See All FAQs and Terms (Quick Links) for links to all FAQs including purchase terms, free software agreements, and software licensing terms.
A note about Anti-Virus detections
Sometimes our software can be falsely flagged as a ‘threat’ by some Anti-Virus, Anti-Malware, etc. security software vendors.
If you happen to be looking at results from VirusTotal.com, please be aware that several anti-virus scanning engines used will detect a virus in just about any software, VBA32 is particularly known for this, as well as several others. Therefore, it is very typical for perfectly legitimate/clean files to have one, two, even three or more detections from the nearly 70 scanning engines used in a typical VirusTotal.com scan.
Email (Troubleshooting Issues)
For CryptoPrevent, please see the CryptoPrevent Email FAQ here.
For d7x, please see the Email Configuration section of the d7x manual here.
All other applications, if you are having issues with GMail try the steps below:
GMail’s SMTP server is “smtp.gmail.com” and it can be accessed on port 465/SSL or port 587/TLS or StartTLS; select “Auto” for authentication if available.
Be certain to include the domain name (e.g. @gmail.com or @yourcustomdomain.com) in the SMTP username field.
For accounts without two factor authentication, enabling the “less secure application” feature may help: https://www.google.com/settings/security/lesssecureapps
Two factor authentication can complicate things as well, and when using this you will need an “application specific password” in order to connect properly to the server through this app. Learn more and obtain application specific passwords here: https://support.google.com/accounts/answer/185833?hl=en and you can manage them at this link: https://security.google.com/settings/security/apppasswords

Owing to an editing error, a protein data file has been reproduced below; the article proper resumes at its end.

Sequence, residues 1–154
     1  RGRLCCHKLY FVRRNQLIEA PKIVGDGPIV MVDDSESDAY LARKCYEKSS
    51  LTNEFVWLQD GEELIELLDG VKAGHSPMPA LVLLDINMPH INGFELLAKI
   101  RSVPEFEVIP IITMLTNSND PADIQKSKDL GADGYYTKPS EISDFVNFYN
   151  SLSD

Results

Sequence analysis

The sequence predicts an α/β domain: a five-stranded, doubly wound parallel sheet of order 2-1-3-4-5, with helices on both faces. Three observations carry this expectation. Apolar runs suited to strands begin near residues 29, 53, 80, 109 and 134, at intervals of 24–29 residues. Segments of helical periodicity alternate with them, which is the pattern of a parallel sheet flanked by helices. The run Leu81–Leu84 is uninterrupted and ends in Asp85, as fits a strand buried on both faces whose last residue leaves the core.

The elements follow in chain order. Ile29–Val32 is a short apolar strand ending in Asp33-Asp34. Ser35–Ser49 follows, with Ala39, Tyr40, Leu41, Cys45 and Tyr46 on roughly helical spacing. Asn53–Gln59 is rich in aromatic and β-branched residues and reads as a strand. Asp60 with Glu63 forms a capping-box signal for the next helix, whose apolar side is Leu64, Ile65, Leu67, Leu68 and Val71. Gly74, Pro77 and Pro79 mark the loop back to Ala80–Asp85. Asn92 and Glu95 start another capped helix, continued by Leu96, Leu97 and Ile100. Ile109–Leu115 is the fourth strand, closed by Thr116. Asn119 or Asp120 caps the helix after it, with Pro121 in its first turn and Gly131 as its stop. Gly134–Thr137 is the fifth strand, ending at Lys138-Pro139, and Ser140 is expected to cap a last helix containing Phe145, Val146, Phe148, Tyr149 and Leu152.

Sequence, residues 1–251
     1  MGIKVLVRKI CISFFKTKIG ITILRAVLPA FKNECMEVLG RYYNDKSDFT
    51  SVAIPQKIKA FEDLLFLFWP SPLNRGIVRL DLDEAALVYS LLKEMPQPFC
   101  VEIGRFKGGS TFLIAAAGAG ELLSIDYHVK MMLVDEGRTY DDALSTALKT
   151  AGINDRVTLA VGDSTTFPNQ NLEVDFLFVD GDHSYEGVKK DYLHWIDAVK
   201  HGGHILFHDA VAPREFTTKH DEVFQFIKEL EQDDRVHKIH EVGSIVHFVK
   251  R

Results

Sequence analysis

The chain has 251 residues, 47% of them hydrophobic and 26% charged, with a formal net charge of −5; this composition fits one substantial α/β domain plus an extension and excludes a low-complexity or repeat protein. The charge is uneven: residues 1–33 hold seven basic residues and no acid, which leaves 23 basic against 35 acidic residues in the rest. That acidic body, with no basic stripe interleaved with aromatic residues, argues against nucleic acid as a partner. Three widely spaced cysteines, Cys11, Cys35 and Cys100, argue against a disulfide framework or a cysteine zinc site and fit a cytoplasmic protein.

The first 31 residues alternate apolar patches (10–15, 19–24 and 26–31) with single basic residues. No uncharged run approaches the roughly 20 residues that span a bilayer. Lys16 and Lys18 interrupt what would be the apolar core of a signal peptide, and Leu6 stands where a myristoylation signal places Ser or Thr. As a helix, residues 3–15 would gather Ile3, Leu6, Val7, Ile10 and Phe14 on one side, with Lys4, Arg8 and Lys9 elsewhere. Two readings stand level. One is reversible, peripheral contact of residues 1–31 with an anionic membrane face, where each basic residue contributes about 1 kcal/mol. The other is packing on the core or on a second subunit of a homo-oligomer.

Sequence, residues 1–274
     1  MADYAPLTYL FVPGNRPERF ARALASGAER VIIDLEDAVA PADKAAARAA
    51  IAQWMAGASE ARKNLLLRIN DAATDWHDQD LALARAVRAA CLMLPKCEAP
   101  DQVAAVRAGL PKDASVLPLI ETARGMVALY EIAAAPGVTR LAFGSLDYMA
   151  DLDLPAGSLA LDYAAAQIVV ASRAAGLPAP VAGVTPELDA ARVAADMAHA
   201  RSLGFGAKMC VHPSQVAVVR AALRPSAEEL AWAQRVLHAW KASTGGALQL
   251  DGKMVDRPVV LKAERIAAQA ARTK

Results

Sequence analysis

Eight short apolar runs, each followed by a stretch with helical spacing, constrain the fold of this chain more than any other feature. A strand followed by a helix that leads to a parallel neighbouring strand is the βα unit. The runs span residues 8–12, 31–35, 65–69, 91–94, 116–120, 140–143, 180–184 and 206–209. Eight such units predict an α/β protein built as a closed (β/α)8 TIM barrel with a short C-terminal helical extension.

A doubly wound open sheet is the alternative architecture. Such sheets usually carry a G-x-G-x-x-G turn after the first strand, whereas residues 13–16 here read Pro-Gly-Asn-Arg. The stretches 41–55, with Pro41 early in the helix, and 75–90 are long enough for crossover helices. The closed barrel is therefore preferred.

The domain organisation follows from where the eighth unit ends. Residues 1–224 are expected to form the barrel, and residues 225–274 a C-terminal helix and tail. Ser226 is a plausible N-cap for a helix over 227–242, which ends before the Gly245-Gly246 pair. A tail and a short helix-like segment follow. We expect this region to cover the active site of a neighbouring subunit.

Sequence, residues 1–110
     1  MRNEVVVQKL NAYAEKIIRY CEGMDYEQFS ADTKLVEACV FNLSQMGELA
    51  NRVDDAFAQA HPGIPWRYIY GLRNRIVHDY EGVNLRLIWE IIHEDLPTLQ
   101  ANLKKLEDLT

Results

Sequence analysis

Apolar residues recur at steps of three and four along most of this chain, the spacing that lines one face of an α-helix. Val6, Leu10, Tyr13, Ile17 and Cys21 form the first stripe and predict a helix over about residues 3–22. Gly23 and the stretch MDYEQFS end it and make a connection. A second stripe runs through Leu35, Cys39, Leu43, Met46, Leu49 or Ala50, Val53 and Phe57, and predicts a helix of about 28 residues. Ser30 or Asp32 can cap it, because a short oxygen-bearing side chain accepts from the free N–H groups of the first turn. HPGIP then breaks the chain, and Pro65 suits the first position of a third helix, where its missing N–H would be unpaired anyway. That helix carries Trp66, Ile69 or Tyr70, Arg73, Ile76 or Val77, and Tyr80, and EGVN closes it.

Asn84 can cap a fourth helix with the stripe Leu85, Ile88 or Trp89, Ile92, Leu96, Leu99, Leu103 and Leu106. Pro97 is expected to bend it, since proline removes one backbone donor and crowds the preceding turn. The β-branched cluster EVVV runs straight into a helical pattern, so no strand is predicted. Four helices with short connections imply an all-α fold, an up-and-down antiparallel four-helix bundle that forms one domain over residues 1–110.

Finally, we have also had reports that Gmail will sometimes block what it considers a ‘suspicious login‘ and that it should alert you of this the next time you login to the webmail interface. You should be notified that you can ‘unlock‘ your account by going to this link: https://accounts.google.com/DisplayUnlockCaptcha after which the account should be unlocked and email sending will no longer be blocked.
Digital Signatures and User Account Control
Most if not all of our applications are digitally signed. Information from the digital signature is displayed in User Account Control pop-ups (requesting admin rights) prior to running the apps.
You can examine any digital certificate by clicking more info on one of these prompts, or by right-clicking on the file from Windows Explorer, selecting “Properties” from the bottom of the drop-down menu, and then selecting the “Digital Signatures” tab.
There are two issues that may occur related to Digital Signatures, both amount to the same symptom:
1. With some of our very old software, on some systems the signature was not correctly recognized as a trusted publisher, invoking the yellow/orange warning “User Account Control” box and displaying “unknown” as the publisher. This should no longer be an issue; several years ago we moved away from StartSSL for our code signing certificates; most recently we have used SSL.com, which should be supported on all modern platforms “out of the box” and without update.
To resolve the issue, be sure and install the Trusted Root Certificates update from Microsoft/Windows Update. If this does not appear in the updates list, you may manually download and install the package directly from Microsoft HERE for Windows XP. Alternately, visit which will prompt you to download the appropriate cert, open the file and select Install.